Rushing to print is often a mistake and I do believe I rushed to print with my last couple of posts. I think that was a mistake. Research can often turn up evidence from the past that makes a lie out of what we thought was true. Does this really matter? Maybe. Not certainly. It depends on what we want to depict, on what we want to understand and have understood. I could write fiction, drawn from my imagination, enriched by my experience. How would that be different than what I am doing here? The ‘truth’ of fiction is in how believable it is, how sympathetic the characters are and how ‘realistic’ the scenes. In turning my gaze on my family, I enter a very different realm than I would occupy writing fiction. Of necessity, family histories are mostly fiction, the details of lives lived drowned in a sea of unrecorded continuity just as one tree can be made insignificant standing in a forest. Moments that stand out get into the history books. Sometimes, they are recorded in a photograph. More often not. When writing about family, the truth sometimes comes out slowly, not always in one go. Even the ‘truth’ of a photograph, objective as it might seem, can be revealed more fully in all its complexity when the past, present and future of the depicted scene are entertained.
When I look at the picture I analyze in my last post, I am struck by the innocence of the scene, the mundane aspect of it. The full impact and relevance of the scene cannot be appreciated at first glance. The scene is nothing outside of its living context. The people depicted in the photograph have no idea what awaits them in the near future, the death, panic and sorrow that they will suffer, as well as the love and sacrifice that will energize life and make it livable for them. What can I see in their faces? Nothing that belies their future. My mother would never have dreamed when this picture was taken that within 3 years she would be having a baby with the man standing next to her in this picture, a man married to the woman who stood just on the other side of him, both of whom had been her family’s close friends for years.
Now, I must make a correction to my previous post where I suggest that Yvonne died on June 22nd, 1945, because it was rumoured my father couldn’t afford a transfusion which would have saved Yvonne’s life. That may still be true, but I now know that my father had asked my mother and aunts to give blood to save his wife. Cecile donated blood sometime after midnight on June 22nd, but it was too little too late. I learned this by looking through calendars my sister Claudette created for us over the years which contain pages from a diary my mother kept for a few years during the 1940s. It may be that my father had to find blood donors himself because he didn’t have the money to buy blood from the usual sources. I find this difficult to believe because St. Mary’s was a Catholic hospital and I can’t imagine they would let someone die who couldn’t afford a blood transfusion, but no one lives who can set the record straight. That makes the photo I introduce in my last post even more compelling to me because now, Cecile, my wonderful older aunt, standing on the far right in this picture, is also intimately involved in the final stages of the drama that was to unfold at St. Mary’s Hospital on June 22nd, 1945. Death in childbirth was not as common in 1945 as it had been in previous generations but everyone knew that it was a dangerous time. Yvonne was 29 years old, a mother of five daughters. Such a tragedy.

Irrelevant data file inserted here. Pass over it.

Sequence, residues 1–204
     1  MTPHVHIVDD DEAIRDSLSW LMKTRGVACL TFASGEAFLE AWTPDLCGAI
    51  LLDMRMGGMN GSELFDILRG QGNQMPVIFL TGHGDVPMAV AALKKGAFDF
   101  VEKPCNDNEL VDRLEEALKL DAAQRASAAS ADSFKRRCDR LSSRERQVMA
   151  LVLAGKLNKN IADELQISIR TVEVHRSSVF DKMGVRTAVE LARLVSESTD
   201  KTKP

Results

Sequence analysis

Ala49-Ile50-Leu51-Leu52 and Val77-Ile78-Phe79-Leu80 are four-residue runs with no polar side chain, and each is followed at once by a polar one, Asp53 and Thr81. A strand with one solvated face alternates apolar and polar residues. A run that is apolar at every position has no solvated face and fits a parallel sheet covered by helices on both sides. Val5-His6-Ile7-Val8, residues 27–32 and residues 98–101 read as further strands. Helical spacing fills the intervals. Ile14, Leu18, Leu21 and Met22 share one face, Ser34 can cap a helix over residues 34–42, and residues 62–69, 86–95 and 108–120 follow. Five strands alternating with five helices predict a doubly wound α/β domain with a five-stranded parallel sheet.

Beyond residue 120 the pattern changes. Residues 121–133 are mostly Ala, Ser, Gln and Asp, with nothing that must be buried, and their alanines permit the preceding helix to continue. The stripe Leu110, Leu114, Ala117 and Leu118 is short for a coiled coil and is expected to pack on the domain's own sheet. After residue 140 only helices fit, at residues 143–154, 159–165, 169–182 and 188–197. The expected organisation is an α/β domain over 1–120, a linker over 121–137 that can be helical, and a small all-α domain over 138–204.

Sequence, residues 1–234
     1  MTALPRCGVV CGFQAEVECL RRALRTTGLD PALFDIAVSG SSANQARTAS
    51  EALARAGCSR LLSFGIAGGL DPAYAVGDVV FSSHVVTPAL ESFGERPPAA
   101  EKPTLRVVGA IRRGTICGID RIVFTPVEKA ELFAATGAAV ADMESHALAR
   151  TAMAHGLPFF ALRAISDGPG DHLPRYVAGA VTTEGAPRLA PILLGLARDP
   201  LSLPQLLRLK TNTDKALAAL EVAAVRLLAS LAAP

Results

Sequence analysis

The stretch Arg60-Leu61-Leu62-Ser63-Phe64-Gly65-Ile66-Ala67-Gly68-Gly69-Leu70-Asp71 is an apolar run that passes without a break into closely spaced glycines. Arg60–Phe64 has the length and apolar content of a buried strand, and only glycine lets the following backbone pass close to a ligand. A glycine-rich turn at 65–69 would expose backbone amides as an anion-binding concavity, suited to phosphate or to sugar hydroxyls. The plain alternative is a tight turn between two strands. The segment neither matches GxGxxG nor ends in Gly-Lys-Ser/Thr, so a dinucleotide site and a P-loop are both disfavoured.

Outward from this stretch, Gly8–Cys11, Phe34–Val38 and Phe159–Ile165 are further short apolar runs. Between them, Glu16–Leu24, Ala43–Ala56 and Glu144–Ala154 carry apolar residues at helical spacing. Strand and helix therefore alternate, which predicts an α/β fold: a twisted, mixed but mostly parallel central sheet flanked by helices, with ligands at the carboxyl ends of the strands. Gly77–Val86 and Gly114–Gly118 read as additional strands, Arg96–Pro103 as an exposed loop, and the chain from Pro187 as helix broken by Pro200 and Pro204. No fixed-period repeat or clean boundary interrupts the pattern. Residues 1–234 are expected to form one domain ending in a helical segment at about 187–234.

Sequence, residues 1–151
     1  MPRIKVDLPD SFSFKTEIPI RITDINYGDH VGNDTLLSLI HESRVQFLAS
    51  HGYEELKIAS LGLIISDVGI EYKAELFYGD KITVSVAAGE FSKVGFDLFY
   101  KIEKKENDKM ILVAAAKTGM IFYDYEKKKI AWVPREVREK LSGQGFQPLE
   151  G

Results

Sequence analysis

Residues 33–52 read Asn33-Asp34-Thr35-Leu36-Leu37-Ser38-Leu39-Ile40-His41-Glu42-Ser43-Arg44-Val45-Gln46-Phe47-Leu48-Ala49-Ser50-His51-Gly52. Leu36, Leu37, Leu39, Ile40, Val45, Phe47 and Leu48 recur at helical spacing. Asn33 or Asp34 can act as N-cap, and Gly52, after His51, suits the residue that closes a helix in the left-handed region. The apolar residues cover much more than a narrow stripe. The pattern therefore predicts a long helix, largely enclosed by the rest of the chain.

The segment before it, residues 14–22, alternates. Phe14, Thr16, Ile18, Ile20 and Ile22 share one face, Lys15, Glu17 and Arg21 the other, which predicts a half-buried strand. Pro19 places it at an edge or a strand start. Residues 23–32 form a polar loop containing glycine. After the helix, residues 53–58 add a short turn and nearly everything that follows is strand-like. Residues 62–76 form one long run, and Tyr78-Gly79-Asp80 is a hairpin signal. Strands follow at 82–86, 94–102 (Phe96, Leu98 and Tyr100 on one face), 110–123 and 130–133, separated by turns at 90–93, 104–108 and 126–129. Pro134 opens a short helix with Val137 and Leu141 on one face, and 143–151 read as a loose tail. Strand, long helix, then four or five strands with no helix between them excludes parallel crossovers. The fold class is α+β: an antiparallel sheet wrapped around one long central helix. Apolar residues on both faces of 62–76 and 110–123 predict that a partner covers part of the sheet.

It seems my mother and her family were very close to my father and his family for some time before they were married. There was much socializing between the families starting in Alberta around Bonnyville and continuing in and around New Westminster in British Columbia. My mother’s diary is full of references to visits to my father’s home in the years leading up to June, 1945. She writes on Sunday, January 7th, 1945: “My day off [from work at St. Mary’s Hospital]. Went to Zenons for supper and a party. Stayed until 3 AM. Had lots of fun…” On Sunday, March 11th, “I went to Zenons for supper then to a card party. I won $1.50 first prize womens. Zenon won $10.00 door prize…had lunch at Fraser Café with Albert and Gill, Mrs. Lagrange and Zenons.” The close familiarity between the Alberts and Leguerriers is evident in the photograph and it waits patiently, silent in the background to give added meaning to the scene for those who wish to know. The events to unfold in the following few months can only be understood in light of the tight bonds that existed in the community of ‘ex pats’ from Alberta now living in British Columbia.
A photograph can hide as much as it shows. It can give us the impression of time stopped for an instant, frozen in a way that allows us to return to contemplate the moment, to relive the essence of a snapshot, lingering and maybe meditating on it. It’s an illusion, of course, but that doesn’t prevent us from taking pictures, from trying to momentarily pause the clock. But clocks are stubborn things. They stop for no one.
I have another photograph. This one was probably taken on June 25th, 1945, the day of Yvonne’s funeral. She was buried along with her son, Roger, in St. Peter’s Catholic Cemetery in New Westminster. It shows my father kneeling before Yvonne’s grave which is covered in flowers, his five daughters by his side. The same day, my father asked my mother to quit her job at St. Mary’s Hospital, come work for him and look after the girls.